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A matter of timing … and more

Factors other than hospital speed influence mortality risk after MI

Monday February 24, 2014
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When it comes to treating patients who have suffered a myocardial infarction, time is muscle, according to a common saying in cardiac care circles. In recent years time has become so important that hospitals publicly report door-to-balloon times — the interval from the patient’s arrival at the hospital to inflation of the balloon to restore blood flow. Reimbursements from the Centers for Medicare & Medicaid Services are tied to meeting the goal of 90 minutes or less for door-to-balloon times.

Last year researchers published surprising results from a study that explored whether faster door-to-balloon times are saving lives for patients who suffer a ST segment elevation myocardial infarction, in which blood flow is completely blocked to a portion of the heart.

The results, which were published in the Sept. 5 issue of the New England Journal of Medicine, showed that even though the door-to-balloon times decreased from 83 minutes to 67 minutes between July 2005 and June 2009 at 515 hospitals nationwide, the mortality rate for patients in those facilities did not change.

“I was disappointed because hospitals are spending considerable time, effort and resources to try and get the door-to-balloon times down, and we’d like to believe it is making an impact,” said Daniel Menees, MD, FACC, the lead investigator and an assistant professor of internal medicine at University of Michigan Hospital and Health Systems. “It makes intuitive sense that the sooner we open the artery, the better, but I really wanted tangible proof that this is decreasing mortality rates.”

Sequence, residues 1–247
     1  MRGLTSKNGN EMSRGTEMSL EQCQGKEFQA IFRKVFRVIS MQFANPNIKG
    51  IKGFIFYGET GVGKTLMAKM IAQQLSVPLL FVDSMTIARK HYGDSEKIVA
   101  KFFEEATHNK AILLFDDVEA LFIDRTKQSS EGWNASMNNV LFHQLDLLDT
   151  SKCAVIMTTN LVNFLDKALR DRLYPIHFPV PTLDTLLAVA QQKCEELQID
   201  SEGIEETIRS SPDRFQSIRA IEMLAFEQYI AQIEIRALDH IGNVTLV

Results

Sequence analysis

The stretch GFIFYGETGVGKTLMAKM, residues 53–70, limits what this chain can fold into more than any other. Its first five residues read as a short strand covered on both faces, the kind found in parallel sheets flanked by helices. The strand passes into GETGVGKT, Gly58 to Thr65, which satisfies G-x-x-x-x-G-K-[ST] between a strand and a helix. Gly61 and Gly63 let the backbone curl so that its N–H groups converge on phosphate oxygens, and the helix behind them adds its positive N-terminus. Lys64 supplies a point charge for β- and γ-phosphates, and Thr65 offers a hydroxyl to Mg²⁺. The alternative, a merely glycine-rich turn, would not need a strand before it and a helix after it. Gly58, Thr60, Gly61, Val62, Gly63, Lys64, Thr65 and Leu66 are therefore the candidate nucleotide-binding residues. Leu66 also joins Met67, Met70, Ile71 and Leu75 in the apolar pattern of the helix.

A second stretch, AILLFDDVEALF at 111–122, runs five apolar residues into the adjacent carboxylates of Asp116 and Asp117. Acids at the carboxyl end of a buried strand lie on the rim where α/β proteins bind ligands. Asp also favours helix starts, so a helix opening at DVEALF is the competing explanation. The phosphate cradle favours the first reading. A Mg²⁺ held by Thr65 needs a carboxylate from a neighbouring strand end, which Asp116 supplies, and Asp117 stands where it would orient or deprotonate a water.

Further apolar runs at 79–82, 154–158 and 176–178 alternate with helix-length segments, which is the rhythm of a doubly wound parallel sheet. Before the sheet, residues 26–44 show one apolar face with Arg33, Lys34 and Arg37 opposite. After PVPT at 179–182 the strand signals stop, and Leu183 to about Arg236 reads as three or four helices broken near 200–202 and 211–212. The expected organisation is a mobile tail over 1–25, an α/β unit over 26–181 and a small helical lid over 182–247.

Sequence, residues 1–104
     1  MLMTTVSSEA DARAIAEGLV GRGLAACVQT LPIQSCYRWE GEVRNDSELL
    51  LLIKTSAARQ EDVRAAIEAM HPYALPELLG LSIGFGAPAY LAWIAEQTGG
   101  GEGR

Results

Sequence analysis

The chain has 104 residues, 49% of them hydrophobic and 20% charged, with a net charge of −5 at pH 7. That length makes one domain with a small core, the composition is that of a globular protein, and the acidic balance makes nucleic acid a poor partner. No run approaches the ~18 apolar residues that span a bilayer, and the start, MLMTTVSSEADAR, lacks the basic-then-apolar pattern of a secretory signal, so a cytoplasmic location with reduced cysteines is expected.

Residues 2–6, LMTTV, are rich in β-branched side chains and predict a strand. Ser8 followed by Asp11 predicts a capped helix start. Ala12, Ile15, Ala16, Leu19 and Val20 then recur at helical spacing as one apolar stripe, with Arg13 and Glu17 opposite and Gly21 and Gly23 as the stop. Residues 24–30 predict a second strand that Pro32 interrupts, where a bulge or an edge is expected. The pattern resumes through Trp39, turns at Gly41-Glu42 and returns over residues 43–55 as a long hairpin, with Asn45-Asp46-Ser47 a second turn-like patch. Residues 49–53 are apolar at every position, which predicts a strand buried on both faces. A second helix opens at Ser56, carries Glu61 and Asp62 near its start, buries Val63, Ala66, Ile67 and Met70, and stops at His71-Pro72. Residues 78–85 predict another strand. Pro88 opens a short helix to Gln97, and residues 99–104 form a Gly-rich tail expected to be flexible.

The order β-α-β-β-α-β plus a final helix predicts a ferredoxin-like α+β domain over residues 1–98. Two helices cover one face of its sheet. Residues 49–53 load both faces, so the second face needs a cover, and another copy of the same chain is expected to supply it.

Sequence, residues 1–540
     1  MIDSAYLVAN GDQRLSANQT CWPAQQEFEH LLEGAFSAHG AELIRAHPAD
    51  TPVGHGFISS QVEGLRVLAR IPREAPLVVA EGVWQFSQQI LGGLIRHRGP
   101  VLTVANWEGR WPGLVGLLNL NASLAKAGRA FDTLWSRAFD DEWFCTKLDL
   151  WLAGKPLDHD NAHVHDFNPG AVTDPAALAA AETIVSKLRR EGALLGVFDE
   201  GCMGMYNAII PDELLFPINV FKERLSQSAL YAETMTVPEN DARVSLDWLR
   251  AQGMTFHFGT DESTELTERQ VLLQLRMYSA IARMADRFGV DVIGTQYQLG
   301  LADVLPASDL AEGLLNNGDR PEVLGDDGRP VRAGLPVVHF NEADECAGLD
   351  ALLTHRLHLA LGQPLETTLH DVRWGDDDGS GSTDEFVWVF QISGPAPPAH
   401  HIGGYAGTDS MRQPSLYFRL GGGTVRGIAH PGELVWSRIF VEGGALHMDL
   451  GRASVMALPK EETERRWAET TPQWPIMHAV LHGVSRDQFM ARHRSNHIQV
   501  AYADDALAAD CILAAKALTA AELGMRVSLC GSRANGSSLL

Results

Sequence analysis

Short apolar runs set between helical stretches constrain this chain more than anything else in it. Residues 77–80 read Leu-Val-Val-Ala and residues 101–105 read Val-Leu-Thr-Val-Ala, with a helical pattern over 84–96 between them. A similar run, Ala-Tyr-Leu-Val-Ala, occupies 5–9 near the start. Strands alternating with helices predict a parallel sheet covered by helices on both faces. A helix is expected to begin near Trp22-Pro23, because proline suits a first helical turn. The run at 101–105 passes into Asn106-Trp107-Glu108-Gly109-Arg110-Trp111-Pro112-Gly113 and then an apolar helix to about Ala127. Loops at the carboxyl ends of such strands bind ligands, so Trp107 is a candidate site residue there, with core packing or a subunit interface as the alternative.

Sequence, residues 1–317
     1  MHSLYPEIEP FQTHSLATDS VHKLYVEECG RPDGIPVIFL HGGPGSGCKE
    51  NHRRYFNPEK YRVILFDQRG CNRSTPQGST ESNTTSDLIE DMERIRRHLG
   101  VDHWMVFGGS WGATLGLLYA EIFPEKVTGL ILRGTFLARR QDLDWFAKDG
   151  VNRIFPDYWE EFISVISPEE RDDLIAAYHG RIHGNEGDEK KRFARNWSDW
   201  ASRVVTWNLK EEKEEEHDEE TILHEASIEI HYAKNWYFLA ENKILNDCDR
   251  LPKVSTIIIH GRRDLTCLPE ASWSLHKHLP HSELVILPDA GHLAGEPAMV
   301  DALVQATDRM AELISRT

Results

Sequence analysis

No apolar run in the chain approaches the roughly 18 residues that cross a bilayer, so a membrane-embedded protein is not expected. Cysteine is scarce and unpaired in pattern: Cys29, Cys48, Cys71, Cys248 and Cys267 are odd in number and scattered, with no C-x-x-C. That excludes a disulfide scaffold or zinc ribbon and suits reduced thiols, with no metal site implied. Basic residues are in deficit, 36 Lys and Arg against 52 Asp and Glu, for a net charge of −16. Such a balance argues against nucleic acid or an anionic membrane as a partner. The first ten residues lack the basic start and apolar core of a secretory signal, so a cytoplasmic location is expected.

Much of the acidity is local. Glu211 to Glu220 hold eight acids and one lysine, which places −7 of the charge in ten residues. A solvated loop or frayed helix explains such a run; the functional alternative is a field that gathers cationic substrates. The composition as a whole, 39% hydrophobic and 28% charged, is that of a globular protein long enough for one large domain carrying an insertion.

For nurses such as Holli DeVon, RN, PhD, FAHA, FAAN, an associate professor in the department of biobehavioral health science at the University of Illinois at Chicago, the findings confirmed her research hypothesis that hospital efficiency may not be the primary problem when it comes to saving more lives after a MI.

“The authors concluded that perhaps it is time to stop focusing on the hospital delay time and focus more on pre-hospital time, which is my area of interest,” said DeVon, a Fellow of the American Heart Association’s Council on Cardiovascular and Stroke Nursing. “I believe most patients wait too long to go to the emergency department or call EMS, and they control a good part of how quickly they receive care.”


Holli DeVon, RN
Reasons people wait

To determine the impact of faster door-to-balloon times, Menees and his fellow researchers analyzed data from more than 96,000 admissions for patients undergoing primary percutaneous coronary intervention for STEMI. Although the median door-to-balloon times decreased by 16 minutes between the first and last year, there was no significant change in in-hospital mortality rates, which hovered around 4.7%.